Herbert - #70-2
Back L-R: Hook, Brevitt (E); Spencer, Raymond B. (TG); Shaw, John L. (NG); Ryan, John T. (RO); Ferrara, Angelo L. (BG); Poturalski, Harry E. (TT)
Front L-R: Dean, Charles R. (CP); Hanley, Hampton A. (B); Herbert, Donald J. (P); Shaw, Morgan A. (N)
Angelo Ferrara explains the gaping hole in the aircraft behind the crew...
On 9 March 1945 over Germany we were hit by a 105mm anti-aircraft shell at 17,000 feet. We were at 29,000 feet when the Bombardier said "No anti-aircraft flak here', so we dropped - Result as shown... No one was hurt.
Upon landing at Cerignola, the Pilot stated - No Brakes.
We rolled until stopping in a field. Again, no one was hurt.
We completed 50 missions.
Greg A. Hanley has identified his father, Hampton A. Hanley (B), and Morgan A. Shaw (N) in the above photo. Thanks, Greg.
The following is from Lisa Numbers, granddaughter of Raymond Spencer. Thanks Lisa.
Raymond Spencer Has Close Escape When Flak Hits Bomber
Fifteenth AAF in Italy—Peering through the wreckage and twisted cables of a B-24 Liberator waist-section, S/Sgt. Raymond B. Spencer 638 West 48th South, tail-gunner, surveys the damage done by 105-millimeter shell in a mission he recently flew to the Graz rail yards, Austria. (Official AAF photo by T/Sgt. Herman Muhlmann.)
Fifteenth AAF in Italy—A split second after the load of high explosive 500-pound bombs left a Fifteenth AAF B-24 Liberator group's lead plane over the rail yards at Graz, a highly explosive 105-millimeter shell whistled in thru the open bomb bay, giving S/Sgt. Raymond B. Spencer, 23, of 658 West 48th South, Murray, Utah, tail turret gunner, his closest escape of the war.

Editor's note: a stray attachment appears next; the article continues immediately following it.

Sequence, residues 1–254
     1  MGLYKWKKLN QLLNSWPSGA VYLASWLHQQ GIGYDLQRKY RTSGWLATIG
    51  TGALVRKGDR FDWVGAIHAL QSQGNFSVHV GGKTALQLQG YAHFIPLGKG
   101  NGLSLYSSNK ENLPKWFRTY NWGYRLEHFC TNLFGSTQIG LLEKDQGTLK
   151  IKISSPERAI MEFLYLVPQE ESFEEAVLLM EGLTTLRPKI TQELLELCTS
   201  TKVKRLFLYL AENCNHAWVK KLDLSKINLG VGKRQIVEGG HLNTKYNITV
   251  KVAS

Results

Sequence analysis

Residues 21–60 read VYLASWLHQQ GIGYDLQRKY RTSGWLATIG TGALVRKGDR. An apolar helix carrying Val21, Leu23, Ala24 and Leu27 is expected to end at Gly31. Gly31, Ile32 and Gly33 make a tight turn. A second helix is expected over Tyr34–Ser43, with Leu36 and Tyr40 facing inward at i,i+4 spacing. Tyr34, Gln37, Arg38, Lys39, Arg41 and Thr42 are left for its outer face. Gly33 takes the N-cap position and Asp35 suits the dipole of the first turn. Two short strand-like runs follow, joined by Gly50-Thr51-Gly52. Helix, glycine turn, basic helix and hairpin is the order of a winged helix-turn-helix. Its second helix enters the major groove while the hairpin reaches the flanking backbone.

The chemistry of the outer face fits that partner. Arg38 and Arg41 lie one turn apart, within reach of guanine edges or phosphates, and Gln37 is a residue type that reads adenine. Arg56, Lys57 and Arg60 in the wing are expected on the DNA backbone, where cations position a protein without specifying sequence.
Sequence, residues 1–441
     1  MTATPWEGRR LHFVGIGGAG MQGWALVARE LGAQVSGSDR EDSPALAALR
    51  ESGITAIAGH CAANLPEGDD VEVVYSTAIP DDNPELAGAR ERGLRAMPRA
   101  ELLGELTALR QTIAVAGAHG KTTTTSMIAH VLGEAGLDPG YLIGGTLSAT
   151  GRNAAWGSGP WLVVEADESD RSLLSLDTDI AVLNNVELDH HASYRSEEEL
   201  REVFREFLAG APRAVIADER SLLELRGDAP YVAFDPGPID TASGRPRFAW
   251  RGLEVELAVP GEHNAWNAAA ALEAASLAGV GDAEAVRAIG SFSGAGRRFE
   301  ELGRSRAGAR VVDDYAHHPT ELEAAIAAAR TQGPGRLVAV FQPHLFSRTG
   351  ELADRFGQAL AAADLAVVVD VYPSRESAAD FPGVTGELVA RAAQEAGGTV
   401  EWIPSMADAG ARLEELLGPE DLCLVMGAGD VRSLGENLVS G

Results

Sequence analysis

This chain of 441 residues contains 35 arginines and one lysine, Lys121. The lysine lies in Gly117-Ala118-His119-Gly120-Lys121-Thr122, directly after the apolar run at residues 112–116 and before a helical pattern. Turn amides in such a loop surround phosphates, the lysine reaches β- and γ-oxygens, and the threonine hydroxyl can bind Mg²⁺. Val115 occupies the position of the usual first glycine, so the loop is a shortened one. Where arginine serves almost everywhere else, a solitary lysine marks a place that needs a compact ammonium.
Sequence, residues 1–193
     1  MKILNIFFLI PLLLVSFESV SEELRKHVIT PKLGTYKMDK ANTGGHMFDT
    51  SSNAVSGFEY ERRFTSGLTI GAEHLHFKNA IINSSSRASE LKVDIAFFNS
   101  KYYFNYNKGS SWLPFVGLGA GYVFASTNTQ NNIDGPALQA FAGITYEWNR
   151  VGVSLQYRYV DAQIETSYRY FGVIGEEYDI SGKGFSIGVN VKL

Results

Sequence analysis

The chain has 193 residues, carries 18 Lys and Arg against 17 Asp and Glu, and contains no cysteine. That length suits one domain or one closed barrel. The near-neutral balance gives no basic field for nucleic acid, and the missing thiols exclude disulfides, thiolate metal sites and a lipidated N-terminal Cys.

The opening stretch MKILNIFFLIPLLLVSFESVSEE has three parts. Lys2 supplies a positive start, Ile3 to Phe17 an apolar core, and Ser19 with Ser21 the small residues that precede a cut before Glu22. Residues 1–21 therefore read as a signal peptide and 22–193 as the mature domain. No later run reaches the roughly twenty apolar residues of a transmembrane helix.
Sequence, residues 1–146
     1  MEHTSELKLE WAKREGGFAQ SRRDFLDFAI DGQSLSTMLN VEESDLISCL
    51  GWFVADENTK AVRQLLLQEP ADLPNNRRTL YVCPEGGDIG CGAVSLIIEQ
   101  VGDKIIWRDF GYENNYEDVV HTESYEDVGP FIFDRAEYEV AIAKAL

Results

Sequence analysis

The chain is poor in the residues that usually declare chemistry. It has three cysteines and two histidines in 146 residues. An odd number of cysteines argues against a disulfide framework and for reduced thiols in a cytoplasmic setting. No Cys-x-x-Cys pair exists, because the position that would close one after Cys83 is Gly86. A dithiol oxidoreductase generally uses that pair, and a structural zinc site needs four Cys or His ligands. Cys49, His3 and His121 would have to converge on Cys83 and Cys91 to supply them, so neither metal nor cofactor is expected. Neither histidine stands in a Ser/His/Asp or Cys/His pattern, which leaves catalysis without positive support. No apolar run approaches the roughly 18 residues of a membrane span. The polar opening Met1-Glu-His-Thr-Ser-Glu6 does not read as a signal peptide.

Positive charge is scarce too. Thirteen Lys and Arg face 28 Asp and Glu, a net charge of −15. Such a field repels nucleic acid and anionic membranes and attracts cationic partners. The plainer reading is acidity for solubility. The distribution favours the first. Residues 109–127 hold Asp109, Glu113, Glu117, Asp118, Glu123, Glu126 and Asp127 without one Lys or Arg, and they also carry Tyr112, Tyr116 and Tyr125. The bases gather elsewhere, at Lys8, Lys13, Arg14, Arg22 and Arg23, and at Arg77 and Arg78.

The shell exploded in the radio room, directly above the rear bomb bay, blowing a yard-wide hole in the fuselage and throwing fragments throughout the waist section. Most of the blast, however, shot back through the open bomb bay, cutting the rudder control cables, knocking out the interphone and oxygen systems and causing a gas leak.
Luckily, the radio operator was back by the waist windows and was just starting up to send the "bombs away" message when the shell hit, making the room a shambles. Oddly enough, the only thing to escape damage was the radio receiver, and it continued to work all the way back to the base. There were no casualties.
"It sure sounded close, but it wasn't," he said. "I figured that either I had left the ship or else everyone back in the waist was finished, but when I looked around and saw all of them safe . . ."
It was his 31st mission with the group commanded by Col. B. A. Lawhon, Tacoma, Wash. Since he arrived overseas and began flying combat in early August he has participated in attacks on key targets throughout southern and central Europe. He wears the air medal with two bronze oak leaf clusters.
A 1939 graduate of Salt Lake City high school, he was attending the Utah State Agricultural college when he entered the AAF on June 27, 1943.
His father, Raymond Spencer, lives in Murray.
Courtesy of Chuck Parsonson
Damage to the left side of #70 as a result of the flak.
Courtesy of Chuck Parsonson
Damage to the right side of #70 as a result of the flak.